After repeated Volscian provocations, the Romans eventually invaded and despoiled Volscian territory: Livy describes the differences between what the Romans and Volscians did in this way,
The Roman devastation of the land was consequently quite unlie the sporadic forays made by the Volscians who, like bandits, relied on disagreements between their enemies, but feared their courage, and acted in nervous haste; it was carried out by a regular army in lawful retaliation and did more damage because it was not pressed for time. The Volscians had in fact limited their incursions to frontier regions, for fear that any minute an army might march out from Rome. The Romans on the other hand had a further reason for lingering in enemy territory; they hoped to provoke the Volscians to give battle. And so they burnt down all the farm buildings everywhere and even some of the villages, left not a single fruit tree nor an ear of corn standing to give hope of a harvest, took off as booty all the men and cattle outside the town walls, and then brought both armies back to Rome. (VI 31)
The Romans were obviously, if we believe Livy's account, more vicious than their Volscian enemies: the impact of a Roman raid was deeper than the impact of a Volscian incursion. The real issue is why. Livy offers us an answer- which is that the Volscians feared a Roman army more than the Romans feared a Volscian. He bases this argument upon the fact that Rome was a civic society whereas the Volscians were an agrarian one. This suggestion deserves our attention- however even if we accept Livy's social division I think we can go further than the Roman historian in attributing reasons behind his observed distinction.
Two things instantly come to mind. The first is that the purpose of the Volscian invasion was not neccessarily the same as the purpose of the Roman invasion. Livy may, reading his sources, be confusing Volscian invasions with Volscian cattle raids: raids across the border which sought plunder and had no political purpose. It seems to me pretty obvious that this would be the basis for much interraction between Roman and barbarian across whichever frontier that they lived upon. On the other hand, the action that Livy describes is the civic response to those raids- a punitive expedition which is designed to punish and not merely to plunder. The first kind of invasion is a quick attack for the purpose of gathering booty- as soon as you have your goods, your interest is to get back to enjoy the proceeds of your raid. The second expedition is designed to punish the raiders- and so you go as deep as you can and punish as much as you can. The second thing, tied to the first, is that the Romans may have been much more coordinated than the Volscians- they had an army as opposed to a raiding band and so their damage could have been organised, instead of a matter of whim. With a more methodical approach, more devastation could be achieved: organised violence can be more focussed and hence more damaging than disorganised violence.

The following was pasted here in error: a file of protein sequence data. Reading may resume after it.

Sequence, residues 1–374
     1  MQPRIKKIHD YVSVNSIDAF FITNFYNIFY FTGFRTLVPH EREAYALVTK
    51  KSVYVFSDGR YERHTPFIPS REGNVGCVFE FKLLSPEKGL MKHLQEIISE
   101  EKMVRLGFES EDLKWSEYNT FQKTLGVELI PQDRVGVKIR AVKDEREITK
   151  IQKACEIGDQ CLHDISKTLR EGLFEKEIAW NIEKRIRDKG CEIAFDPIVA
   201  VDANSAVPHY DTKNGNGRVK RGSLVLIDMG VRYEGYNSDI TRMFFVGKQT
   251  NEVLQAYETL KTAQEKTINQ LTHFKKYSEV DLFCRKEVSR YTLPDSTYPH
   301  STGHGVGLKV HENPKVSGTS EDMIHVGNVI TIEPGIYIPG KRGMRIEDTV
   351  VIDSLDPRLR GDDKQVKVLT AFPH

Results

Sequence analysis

The basis for Livy's point is his division between civic and barbarian societies: he may not at this point in Roman history be right- indeed I would suggest that Livy is still writing without evidence particularly without the Volscian side of the story. More often than not, I would suggest, he bases these ideas upon his own knowledge, gathered through conversations with Augustan commanders about their relations with Germans on the frontier. Be wary though of the dichotomies that Livy invokes: it may be that really what we are looking at is not so much the dichotomy of ability to commit violence between these two types of society as a dichotomy of intention. As I have suggested if you intend to gather wealth, then devastation is an incidental byproduct, if you intend to punish then devastation is your first principle and hence you are going to devastate more. There may be organisational differences as well- but this point explains the cowardice of the Volscians better than any story of Roman bravery: Volscians retreated before an army because their purpose was to get plunder, not to fight, the Romans sought to fight because they wished to destroy the raiding capacity of the Volscians.
In this sense, I think, if we unpick Livy's narrative, we can both see his assumptions (the virtues of civic society) and also the reasons that lie behind some of what he observed (of the Volscian-Germans) : it may not always be that societies differ in courage or moral intention, but it may be that their activities have different consequences because they have different purposes. The Volscians sought to gather goods, the Romans sought to punish them for gathering goods and that explains the difference in their actions when on enemy territory and also the different impact of their raiding.